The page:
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Aprea Therapeutics Presents Results From Phase Ib/II Clinical Study of APR-246 and Azacitidine (AZA) in Patients with TP53 Mutant Myelodysplastic Syndromes (MDS) at the 2018 American Association of Cancer Research (AACR) Annual Meeting in Chicago

– ORR (by IWG) of 100% in all evaluable patients: 6 CR (75%) and 2 mCR (25%)
– All CR patients achieved complete cytogenetic response
– No responding patients have experienced relapse
– No treatment-related serious adverse events or dose-limiting toxicities to date

BOSTON, MA. and STOCKHOLM, SWEDEN, April 16, 2018 – Aprea Therapeutics today presented results at the 2018 AACR Annual Meeting from its ongoing Phase Ib/II
clinical study in MDS. The ongoing study, sponsored by the Moffitt Cancer Center with financial support from the Evans MDS Clinical Research Consortium and the MDS
foundation, evaluates the safety and efficacy of APR-246 in combination with azacitidine for the treatment of TP53 mutated MDS.
The overall response rate in 8 evaluable patients was 100%, with 6 patients achieving a complete response (CR) and 2 patients achieving a marrow CR (mCR). Median progression free survival (PFS) and overall survival (OS) have not been reached, and no responding patients have experienced relapse. At data cutoff, 4 CR patients had complete cytogenetic response, with results of additional CR patients pending analysis. One CR patient achieved mCR and partial cytogenetic response after receiving four days of APR-246 monotherapy. Relative to baseline, p53 immunohistochemistry scores and mutant TP53 variant allele frequency (VAF) were significantly decreased at time of disease assessment. Adverse events (AEs) during the APR-246 monotherapy lead-in phase were all grade 1. No dose-limiting toxicities have been experienced to date and no potentiation of the expected hypomethylating agent (HMA)-related safety profile has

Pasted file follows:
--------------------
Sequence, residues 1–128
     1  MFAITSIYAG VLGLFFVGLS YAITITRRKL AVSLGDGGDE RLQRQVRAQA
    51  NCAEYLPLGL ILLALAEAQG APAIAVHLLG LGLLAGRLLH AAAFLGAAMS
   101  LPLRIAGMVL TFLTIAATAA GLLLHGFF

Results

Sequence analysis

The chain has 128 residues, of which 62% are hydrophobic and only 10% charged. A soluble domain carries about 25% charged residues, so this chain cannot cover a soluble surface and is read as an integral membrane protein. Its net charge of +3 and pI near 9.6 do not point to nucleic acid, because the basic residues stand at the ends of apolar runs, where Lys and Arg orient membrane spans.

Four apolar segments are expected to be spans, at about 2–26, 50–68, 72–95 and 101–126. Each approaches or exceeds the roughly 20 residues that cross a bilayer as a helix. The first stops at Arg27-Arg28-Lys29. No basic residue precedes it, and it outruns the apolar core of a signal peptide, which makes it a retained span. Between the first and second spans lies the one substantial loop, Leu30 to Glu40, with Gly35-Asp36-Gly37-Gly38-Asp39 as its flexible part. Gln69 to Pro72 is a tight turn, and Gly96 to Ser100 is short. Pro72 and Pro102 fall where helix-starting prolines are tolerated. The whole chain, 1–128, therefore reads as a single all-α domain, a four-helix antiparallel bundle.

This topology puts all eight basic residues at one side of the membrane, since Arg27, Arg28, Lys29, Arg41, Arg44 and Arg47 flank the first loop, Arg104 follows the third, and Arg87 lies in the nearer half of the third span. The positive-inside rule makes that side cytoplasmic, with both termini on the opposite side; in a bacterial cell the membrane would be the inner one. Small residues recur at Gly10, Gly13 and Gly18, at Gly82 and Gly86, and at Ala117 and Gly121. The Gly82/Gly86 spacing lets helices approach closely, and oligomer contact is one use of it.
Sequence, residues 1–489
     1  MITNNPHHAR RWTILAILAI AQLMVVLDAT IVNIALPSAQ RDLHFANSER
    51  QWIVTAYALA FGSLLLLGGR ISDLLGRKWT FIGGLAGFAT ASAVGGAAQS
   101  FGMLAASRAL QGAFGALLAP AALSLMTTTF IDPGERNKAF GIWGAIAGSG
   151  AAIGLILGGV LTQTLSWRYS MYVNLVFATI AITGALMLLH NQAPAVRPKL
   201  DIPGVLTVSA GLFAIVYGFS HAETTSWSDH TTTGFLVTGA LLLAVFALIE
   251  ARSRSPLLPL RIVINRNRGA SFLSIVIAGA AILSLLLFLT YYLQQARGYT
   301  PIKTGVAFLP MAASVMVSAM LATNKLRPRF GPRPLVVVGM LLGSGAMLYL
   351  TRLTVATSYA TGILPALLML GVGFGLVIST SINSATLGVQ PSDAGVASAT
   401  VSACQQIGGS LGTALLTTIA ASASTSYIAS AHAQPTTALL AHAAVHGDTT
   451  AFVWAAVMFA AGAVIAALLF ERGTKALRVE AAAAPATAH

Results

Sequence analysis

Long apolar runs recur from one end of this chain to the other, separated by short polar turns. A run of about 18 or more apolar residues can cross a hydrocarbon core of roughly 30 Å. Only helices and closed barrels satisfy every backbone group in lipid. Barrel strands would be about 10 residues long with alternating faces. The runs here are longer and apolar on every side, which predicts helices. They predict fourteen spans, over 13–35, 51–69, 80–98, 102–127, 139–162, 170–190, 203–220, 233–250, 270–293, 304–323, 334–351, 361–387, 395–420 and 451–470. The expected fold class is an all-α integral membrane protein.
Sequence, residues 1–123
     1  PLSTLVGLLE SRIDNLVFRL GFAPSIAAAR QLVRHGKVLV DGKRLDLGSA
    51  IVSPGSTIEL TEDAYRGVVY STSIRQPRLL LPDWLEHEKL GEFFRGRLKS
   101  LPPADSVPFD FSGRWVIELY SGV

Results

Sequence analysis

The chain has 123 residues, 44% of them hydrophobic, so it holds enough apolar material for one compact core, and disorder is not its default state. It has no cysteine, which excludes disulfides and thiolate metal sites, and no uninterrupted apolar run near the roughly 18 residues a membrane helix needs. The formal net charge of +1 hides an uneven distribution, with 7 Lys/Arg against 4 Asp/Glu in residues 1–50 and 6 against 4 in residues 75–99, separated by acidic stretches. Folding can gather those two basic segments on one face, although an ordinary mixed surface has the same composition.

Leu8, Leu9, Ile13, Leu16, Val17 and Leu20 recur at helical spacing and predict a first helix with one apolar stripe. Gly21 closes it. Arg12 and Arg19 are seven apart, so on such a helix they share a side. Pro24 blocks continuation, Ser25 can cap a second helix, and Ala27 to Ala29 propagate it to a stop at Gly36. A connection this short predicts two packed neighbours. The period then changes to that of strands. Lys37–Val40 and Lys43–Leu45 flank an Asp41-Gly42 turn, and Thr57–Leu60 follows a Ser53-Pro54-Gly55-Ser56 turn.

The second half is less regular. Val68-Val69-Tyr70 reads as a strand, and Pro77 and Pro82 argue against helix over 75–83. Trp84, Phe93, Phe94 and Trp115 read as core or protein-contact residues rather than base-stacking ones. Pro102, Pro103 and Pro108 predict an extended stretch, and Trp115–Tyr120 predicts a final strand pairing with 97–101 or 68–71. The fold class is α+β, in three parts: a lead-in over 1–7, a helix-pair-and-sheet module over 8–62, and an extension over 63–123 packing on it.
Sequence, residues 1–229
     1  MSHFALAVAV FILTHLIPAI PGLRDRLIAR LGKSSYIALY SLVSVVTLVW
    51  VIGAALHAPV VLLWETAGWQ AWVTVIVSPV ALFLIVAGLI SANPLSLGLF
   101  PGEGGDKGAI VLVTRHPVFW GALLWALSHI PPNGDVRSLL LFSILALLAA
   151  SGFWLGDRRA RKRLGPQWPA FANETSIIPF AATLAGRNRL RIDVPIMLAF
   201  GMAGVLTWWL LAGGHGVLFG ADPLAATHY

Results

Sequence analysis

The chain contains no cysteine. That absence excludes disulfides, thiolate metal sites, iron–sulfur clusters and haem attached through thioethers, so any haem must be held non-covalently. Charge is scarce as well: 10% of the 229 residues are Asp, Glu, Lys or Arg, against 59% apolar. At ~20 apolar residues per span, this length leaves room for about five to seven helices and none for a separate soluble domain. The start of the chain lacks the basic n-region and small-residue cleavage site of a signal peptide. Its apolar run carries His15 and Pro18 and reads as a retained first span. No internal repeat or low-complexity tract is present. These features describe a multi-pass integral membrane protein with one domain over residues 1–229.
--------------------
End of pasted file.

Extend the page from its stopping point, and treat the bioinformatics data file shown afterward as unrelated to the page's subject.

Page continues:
been observed. David Sallman, M.D., lead principal investigator of the clinical study from the Moffitt Cancer Center, said, “Responses have been achieved in all patients, including a 75% complete response rate, and accompanied by deep molecular remissions. The emerging clinical data from this study are very encouraging, particularly given the dearth of current therapeutic options for TP53 mutated MDS patients. Furthermore, the combination of APR-246 and azacitidine is well-tolerated, the maximum tolerated dose has not been